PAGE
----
I used MoveOn to contact my congressman, Jay Inslee, about the pending media deregulation. He contacted me back:
Thank you for contacting me about the proposed Federal Communications Commission (FCC) regulations regarding further deregulation of the ownership rules for media companies. I appreciate hearing from you.
Like you, I believe that the airwaves belong to the American people, and I share your concerns about the end result of the FCC’s most recent Notice of Proposed Rulemaking. It is important to maintain the diversity of information sources so that the public interest can best be served.
I have joined with several of my colleagues in leading the fight in Congress to prevent the FCC from allowing this rule change to go through. Recently I sent a letter to my colleagues in Congress alerting them to the potential negative effects of the deregulation. I also testified against the rule at the FCC hearing in Seattle held in March, and I wrote an editorial published in the Seattle Times that further expressed the dangers that further media consolidation pose to our system of free press and American democracy. I have attached the editorial below for your review.
As you may know, in the FCC’s 2002 Biennial Review there are four major rules being considered for possible relaxation:
- Broadcast-newspaper cross-ownership rule: This prohibits the daily newspaper and a broadcast TV station from being owned by the same company within the same market.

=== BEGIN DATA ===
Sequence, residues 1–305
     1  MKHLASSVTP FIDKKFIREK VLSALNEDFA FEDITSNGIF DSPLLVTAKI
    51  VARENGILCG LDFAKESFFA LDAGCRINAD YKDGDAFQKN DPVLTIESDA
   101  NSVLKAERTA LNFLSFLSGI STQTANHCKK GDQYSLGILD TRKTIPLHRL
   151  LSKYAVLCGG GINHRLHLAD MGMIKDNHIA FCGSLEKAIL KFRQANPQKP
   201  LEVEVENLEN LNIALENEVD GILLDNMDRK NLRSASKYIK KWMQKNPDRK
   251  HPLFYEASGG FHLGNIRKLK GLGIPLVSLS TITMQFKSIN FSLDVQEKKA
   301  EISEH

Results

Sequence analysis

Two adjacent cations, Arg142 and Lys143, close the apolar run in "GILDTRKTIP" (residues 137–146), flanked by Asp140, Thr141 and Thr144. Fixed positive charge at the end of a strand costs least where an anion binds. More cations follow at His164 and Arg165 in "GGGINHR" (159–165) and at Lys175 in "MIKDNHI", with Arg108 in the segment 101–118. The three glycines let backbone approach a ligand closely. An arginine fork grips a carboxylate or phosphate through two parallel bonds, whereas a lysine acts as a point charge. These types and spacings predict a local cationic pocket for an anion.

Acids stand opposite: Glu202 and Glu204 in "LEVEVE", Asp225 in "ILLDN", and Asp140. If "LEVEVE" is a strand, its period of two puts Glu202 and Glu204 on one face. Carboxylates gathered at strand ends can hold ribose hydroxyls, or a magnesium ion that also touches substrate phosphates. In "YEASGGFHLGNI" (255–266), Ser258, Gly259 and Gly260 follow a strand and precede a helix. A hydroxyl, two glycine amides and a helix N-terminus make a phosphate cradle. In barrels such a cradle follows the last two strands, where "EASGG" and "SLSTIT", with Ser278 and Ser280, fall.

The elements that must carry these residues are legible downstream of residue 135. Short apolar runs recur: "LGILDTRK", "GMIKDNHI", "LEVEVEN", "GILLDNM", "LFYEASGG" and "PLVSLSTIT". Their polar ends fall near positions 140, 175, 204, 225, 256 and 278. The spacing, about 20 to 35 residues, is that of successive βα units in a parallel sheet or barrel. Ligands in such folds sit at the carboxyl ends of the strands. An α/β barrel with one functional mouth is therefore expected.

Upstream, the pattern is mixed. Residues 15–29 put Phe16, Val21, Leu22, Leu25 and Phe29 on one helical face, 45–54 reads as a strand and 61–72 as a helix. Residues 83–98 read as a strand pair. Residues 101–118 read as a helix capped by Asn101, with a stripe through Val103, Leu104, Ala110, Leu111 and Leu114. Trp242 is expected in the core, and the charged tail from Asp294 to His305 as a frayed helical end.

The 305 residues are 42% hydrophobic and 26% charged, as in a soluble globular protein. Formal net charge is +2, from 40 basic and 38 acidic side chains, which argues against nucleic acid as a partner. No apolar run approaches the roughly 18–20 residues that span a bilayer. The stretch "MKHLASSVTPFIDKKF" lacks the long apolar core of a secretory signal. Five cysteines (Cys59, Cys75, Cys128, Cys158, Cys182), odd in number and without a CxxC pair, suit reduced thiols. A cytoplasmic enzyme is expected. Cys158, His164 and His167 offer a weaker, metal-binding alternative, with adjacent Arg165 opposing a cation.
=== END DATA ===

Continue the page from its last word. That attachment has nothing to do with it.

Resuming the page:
- Local TV multiple ownership rule and the radio/TV cross-ownership rule: These rules limit somewhat the number of stations that any one entity can own in a single community.
- National TV ownership rule: This policy limits the number of TV stations a single company can own. The current limit prohibits a company from controlling stations that collectively reach 35 percent of all TV households.
- Dual Network Rule: This policy prevents one of the four major networks-ABC, CBS, NBC, and Fox-from buying another network.
Please be assured I will be monitoring the FCC’s decisions closely. I hope you will continue to contact me about the issues that concern you, as I both need and welcome your thoughts and ideas. I encourage you to contact me via email, telephone, or fax, because security measures are causing House offices to experience delays in receiving postal mail. My email address is: Jay.Inslee@mail.house.gov.  Please be sure to include your full name, address, including your zip code, in your message. If you are a resident of the First Congressional District and would like to receive policy updates and newsletters via email, please email me to let me know.
Very Truly Yours,
Member of Congress
The email included the content of Inslee’s editorial in the Seattle Times, which, as the paper notes in its archives, contains a factual error but is otherwise on the money.
So what has your representative done about the FCC action?